Van Halen, “Somebody Get Me a Doctor” (1979)
Usually, people call the doctor when they feel bad. In the case of this ‘Van Halen II’ rattle, David Lee Roth seems to need medical attention because of how good he feels. He “feels no pain”, “too good” and “high”, but he is also shocked and unable to walk. What’s up with Diamond Dave? Who knows? Someone get it a doctor.
Kiss, “Calling Dr. Love” (1977)
When rockers do not beg doctors to help them with their romantic lives, sometimes they take the Hippocratic oath themselves. Gene Simmons apparently got his doctorate in love before this 1977 kiss, which was inspired by a short film by Three Stooges (the hallmark of a true medical professional). Dr. Love declares himself the cure for what ails all women. If your methods are not reasonable (“So if you please get on your knees”), your rates are (“No bills, no fees”).
The Beatles, “Doctor Robert” (1966)
On this ‘Revolver’ rocker, the Fab Four praised the almost mystical powers of the titular doc, a thinly veiled ode to drugs, and a man who supplied them. There are many theories about the “real” Dr. Robert, who could be Dr. Robert Freymann (he gave B-12 shots laced with speed to New York celebrities), Bob Dylan (he turned the Beatles onto marijuana) and Robert “Groovy Bob” Fraser (he was a gallery owner and pal of ’60s rockers who had many substances at his disposal). John Lennon, the primary writer of the song, later said it was about himself.
The Rolling Stones, “Dear Doctor” (1968)
On this ‘Beggars Banquet’ chestnut, the Stones play hillbilly music for laughs, turning the country cliché of getting stood up at the altar into a positive result, because Mick Jagger didn’t really want to marry her anyway. The story is bookended by visits to a physician with Dr. Frankenstein-like powers who removes our hero’s heart before the ceremony, only to replace it when circumstances change.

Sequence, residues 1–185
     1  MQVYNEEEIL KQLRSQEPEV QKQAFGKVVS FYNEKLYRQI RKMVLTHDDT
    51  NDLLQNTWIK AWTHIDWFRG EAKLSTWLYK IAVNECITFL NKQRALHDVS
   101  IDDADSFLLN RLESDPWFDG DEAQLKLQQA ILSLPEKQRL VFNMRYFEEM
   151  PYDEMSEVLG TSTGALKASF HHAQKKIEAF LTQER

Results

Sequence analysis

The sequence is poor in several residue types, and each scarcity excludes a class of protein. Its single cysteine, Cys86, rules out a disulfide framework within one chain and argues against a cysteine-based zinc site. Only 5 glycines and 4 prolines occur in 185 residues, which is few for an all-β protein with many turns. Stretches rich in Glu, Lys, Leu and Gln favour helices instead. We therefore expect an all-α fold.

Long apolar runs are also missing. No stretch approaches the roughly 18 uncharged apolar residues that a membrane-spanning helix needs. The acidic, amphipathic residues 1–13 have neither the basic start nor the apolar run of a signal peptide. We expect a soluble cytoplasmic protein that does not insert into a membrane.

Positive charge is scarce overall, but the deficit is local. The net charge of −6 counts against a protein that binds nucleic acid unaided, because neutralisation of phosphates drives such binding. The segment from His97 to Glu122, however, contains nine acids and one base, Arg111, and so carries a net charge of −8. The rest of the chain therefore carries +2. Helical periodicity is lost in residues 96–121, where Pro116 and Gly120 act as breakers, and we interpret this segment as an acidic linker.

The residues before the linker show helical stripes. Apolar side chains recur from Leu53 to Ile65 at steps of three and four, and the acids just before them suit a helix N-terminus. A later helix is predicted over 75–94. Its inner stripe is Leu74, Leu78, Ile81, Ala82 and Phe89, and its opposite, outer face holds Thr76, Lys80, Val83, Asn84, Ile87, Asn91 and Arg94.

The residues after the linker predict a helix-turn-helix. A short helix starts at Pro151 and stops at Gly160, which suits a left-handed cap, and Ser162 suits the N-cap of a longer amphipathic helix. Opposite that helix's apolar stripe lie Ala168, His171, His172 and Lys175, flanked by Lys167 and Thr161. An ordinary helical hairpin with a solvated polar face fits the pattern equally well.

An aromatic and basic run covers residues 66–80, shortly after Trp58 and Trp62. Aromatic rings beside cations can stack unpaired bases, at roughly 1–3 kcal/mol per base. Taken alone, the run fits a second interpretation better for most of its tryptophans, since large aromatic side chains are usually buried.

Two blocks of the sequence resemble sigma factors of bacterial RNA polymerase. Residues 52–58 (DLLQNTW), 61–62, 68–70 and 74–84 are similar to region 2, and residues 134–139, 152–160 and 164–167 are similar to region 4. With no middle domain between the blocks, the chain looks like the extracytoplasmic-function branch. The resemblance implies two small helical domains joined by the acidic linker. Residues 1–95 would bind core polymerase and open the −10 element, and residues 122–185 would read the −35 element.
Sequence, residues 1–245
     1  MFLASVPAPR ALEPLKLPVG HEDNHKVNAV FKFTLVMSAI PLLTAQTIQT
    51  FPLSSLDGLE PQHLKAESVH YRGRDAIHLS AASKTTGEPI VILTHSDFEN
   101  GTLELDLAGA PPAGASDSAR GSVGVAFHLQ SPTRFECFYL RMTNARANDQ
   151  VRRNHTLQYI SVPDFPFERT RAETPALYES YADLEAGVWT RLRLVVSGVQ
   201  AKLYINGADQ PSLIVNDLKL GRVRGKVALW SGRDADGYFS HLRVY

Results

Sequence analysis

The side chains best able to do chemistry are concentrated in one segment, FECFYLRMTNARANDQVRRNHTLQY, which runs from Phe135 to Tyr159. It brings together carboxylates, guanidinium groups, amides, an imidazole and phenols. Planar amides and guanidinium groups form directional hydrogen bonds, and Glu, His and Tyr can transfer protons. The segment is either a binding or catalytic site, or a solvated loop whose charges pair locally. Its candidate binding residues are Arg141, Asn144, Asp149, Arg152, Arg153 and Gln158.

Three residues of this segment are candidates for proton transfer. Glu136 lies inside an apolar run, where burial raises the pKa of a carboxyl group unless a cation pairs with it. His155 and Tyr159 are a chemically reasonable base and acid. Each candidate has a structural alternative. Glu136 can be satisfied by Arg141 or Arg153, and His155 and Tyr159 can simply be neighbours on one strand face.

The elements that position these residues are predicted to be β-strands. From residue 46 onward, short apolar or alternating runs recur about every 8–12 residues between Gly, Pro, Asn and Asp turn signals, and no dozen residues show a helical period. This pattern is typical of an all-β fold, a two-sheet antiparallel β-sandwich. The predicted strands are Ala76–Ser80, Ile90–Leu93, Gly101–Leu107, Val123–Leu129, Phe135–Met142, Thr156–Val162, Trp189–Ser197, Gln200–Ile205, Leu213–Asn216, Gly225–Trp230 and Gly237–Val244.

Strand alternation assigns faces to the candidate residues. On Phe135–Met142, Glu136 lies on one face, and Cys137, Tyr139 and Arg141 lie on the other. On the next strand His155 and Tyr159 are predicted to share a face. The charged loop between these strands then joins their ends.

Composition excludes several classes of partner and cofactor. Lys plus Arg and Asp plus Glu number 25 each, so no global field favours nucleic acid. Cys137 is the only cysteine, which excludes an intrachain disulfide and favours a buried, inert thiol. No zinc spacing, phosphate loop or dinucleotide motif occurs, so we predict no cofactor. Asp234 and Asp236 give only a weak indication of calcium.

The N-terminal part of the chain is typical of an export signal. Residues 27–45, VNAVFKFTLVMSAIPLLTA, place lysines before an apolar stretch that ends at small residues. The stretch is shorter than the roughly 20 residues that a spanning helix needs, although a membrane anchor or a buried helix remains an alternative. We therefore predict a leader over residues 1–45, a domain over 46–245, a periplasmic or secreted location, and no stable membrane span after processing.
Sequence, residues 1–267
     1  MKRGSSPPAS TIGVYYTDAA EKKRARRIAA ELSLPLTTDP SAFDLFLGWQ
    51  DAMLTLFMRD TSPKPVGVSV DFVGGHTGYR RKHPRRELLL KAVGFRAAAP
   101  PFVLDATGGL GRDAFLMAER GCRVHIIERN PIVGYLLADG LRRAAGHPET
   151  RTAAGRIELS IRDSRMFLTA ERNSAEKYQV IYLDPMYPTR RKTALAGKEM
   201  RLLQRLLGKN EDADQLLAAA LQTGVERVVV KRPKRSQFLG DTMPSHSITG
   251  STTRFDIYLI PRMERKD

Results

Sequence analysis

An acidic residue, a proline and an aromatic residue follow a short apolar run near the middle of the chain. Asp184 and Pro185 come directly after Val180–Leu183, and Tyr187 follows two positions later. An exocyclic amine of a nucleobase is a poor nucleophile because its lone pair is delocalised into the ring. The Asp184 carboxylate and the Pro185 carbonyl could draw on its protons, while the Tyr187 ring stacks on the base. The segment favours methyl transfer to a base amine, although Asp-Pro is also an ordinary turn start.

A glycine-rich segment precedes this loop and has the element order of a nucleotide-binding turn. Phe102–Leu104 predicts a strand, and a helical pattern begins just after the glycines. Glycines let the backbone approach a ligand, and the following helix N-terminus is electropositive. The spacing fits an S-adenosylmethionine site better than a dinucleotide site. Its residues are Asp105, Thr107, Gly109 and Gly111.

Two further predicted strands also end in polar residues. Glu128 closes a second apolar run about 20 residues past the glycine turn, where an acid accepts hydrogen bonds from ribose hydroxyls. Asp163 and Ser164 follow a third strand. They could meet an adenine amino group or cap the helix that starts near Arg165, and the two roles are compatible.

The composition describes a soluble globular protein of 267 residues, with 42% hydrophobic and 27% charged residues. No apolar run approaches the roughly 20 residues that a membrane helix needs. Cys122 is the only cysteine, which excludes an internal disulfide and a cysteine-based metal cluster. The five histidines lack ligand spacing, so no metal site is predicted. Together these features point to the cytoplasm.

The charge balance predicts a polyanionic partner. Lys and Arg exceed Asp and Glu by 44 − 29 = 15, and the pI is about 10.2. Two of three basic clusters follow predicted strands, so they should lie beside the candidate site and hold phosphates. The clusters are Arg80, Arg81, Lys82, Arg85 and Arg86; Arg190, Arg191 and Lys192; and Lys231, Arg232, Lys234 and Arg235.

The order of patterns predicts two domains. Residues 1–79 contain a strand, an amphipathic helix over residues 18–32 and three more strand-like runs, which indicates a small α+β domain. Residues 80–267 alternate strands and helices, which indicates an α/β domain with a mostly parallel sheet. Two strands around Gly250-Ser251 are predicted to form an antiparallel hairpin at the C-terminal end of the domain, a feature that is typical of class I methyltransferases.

Aerosmith, “The Hand That Feeds” (1977)
On the cut from ‘Draw the Line,’ Steven Tyler shrieks over and over and over again for a doctor to help him with his inability to resist the temptations of the “loose-hearted ladies” in the crowd at Aerosmith shows. Perhaps it’s not surprising that a member of Aerosmith had trouble with self-control.
Mötley Crüe, “Dr. Feelgood” (1989)
Dr. Feelgood was a band, a stage name for a jazz pianist, the title of an Aretha Franklin tune, a slang term for heroin and a nickname for a number of less-than-ethical physicians. It was also the name of Mötley Crüe’s biggest hit single and LP. Nikki Sixx wrote the lyrics to this pop metal rampage about a Hollywood drug dealer, having had first-hand knowledge of the subject as a customer.